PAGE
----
The Latvian War Museum (Latvijas Kara muzejs) is a military museum in Riga, one of the oldest and the largest museums in Latvia. It was founded in 1916 as the Latvian Riflemen Museum. In 1917, when Riga was bombarded, the museum was evacuated. In June 1919 restored operations at the Powder Tower in Old town of Riga. The museum opened to the public in 1921.
In 1936 the government acquired the neighboring land lot. The erection of a new museum building was initiated in 1937, according to a project by architect Artūrs Galindoms. The new museum building was finished in the summer of 1940, but the museum did not manage to arrange the exhibitions prior to the Soviet occupation of Latvia in 1940. The Latvian War Museum came under the jurisdiction of the Latvian People’s Army’s liquidation commission, which handed the museum artifacts over to the People’s Commissariat of Education, and were stored at the previous Riga Stock Exchange building; and the museum premises were handed over to the Red Army. On 15 January 1941, the Latvian War Museum ceased to exist.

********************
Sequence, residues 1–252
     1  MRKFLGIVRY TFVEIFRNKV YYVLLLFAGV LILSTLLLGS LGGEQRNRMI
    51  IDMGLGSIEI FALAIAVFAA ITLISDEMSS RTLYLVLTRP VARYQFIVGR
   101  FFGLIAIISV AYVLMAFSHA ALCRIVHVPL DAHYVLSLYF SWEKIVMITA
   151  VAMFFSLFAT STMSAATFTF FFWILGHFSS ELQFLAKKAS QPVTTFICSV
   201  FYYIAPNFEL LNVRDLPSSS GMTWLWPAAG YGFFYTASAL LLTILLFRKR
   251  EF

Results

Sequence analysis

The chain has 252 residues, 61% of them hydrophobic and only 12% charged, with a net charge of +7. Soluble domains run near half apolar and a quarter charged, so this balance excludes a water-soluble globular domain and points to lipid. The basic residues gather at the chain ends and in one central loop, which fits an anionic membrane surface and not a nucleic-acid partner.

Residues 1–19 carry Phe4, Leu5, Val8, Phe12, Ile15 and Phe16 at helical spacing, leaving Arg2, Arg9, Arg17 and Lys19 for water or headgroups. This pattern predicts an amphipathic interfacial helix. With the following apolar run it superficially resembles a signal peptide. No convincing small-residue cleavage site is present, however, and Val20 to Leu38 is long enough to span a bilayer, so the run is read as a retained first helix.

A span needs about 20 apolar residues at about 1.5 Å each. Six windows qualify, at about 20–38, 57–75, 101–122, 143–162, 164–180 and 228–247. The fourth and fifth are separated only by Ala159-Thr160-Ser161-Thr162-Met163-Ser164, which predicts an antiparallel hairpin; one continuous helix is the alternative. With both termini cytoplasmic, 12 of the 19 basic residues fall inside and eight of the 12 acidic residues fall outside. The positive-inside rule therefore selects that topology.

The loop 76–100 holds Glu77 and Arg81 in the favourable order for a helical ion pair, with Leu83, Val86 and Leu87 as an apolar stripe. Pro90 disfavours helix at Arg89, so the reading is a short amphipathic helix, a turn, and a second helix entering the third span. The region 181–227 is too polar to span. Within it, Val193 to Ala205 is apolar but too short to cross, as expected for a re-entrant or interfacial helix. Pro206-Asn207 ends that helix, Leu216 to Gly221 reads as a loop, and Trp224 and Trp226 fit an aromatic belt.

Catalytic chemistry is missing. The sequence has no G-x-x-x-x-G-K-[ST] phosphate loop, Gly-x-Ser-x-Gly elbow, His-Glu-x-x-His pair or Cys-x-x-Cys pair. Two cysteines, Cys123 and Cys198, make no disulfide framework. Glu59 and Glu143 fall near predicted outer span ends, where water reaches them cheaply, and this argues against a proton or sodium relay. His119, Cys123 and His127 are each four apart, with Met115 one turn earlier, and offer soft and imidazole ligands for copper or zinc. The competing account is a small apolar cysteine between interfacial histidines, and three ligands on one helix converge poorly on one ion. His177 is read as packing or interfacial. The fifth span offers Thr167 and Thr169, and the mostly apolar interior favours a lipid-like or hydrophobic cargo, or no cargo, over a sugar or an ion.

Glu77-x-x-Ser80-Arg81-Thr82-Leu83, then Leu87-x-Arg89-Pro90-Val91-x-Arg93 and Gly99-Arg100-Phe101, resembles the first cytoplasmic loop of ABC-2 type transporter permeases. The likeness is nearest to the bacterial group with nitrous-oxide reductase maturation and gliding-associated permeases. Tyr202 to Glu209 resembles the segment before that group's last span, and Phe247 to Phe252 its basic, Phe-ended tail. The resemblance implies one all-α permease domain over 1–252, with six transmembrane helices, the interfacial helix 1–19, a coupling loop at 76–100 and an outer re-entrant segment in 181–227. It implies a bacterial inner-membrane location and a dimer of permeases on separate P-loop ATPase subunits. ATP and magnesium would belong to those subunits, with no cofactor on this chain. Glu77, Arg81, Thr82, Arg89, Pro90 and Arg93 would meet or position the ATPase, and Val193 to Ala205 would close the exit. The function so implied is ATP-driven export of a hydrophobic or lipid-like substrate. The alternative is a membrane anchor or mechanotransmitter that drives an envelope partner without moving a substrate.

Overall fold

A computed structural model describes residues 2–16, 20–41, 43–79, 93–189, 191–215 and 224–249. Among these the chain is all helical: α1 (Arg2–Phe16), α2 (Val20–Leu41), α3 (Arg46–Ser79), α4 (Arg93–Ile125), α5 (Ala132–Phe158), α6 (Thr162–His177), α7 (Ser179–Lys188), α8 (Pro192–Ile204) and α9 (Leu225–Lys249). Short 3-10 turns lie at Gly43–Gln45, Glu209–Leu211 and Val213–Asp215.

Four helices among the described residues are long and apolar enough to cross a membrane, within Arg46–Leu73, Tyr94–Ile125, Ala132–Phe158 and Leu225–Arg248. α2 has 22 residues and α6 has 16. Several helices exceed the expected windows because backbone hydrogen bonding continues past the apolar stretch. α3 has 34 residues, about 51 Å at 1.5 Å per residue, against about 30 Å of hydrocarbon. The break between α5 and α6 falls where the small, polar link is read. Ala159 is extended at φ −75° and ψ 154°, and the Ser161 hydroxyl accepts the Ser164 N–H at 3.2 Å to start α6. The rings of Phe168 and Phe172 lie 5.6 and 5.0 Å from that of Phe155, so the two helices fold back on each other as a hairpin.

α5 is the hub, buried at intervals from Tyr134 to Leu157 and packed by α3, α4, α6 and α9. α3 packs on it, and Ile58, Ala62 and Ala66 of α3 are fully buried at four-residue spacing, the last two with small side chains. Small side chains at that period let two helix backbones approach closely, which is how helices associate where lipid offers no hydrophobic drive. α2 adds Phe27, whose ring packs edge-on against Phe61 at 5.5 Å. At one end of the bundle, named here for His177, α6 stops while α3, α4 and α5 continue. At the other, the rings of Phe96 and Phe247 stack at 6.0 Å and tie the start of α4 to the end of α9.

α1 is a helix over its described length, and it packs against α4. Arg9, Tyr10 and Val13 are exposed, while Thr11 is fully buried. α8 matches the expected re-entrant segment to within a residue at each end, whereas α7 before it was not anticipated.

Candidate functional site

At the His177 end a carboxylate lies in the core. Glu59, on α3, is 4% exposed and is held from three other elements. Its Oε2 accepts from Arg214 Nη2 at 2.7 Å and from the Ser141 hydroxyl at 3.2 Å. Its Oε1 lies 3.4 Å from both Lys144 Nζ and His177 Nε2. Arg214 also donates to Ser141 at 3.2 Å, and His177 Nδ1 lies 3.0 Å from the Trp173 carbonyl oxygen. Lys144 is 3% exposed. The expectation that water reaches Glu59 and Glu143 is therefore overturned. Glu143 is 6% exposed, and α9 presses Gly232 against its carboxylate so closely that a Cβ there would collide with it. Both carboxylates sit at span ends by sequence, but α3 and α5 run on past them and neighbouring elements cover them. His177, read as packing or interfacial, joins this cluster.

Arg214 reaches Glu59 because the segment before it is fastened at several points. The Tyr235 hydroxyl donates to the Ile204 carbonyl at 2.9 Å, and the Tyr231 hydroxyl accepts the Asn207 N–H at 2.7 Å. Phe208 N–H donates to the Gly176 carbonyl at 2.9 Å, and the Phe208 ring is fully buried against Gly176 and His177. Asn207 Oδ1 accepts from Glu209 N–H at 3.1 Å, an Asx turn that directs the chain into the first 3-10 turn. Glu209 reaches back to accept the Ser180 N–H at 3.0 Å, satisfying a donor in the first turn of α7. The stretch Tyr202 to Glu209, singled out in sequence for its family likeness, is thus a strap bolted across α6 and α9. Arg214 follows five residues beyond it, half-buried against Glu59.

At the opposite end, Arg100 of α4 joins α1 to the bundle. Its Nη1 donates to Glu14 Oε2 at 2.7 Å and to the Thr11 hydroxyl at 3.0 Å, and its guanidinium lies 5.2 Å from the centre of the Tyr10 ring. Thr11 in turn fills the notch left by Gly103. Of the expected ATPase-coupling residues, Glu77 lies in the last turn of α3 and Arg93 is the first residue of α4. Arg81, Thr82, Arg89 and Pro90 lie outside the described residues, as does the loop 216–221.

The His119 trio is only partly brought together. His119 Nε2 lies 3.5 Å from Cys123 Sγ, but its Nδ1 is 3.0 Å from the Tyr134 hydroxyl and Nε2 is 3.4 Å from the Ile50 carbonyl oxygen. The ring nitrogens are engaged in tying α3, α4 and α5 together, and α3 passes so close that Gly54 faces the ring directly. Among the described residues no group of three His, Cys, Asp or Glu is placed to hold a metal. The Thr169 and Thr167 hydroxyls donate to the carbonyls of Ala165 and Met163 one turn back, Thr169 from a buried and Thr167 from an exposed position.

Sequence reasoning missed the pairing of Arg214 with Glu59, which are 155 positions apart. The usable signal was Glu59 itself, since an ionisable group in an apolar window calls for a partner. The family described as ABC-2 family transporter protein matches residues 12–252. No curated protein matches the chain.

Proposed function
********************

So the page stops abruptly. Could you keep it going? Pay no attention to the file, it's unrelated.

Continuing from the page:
From 1957 to 1990 the premises were occupied by the Latvian SSR Revolution Museum, which interpreted 20th-century Latvian history through the point of view of Soviet ideology. On 11 June 1990, the Government of Latvia restored the Latvian War Museum.
The largest and most significant part of the museum’s collection consists of objects about the military and political history of Latvia in the 20th century. The core of the museum’s collection holds more than 25 400 units, which are systematized into 22 individual collections. The War museum has collections of weapons, photos, documents, medals, and military uniforms.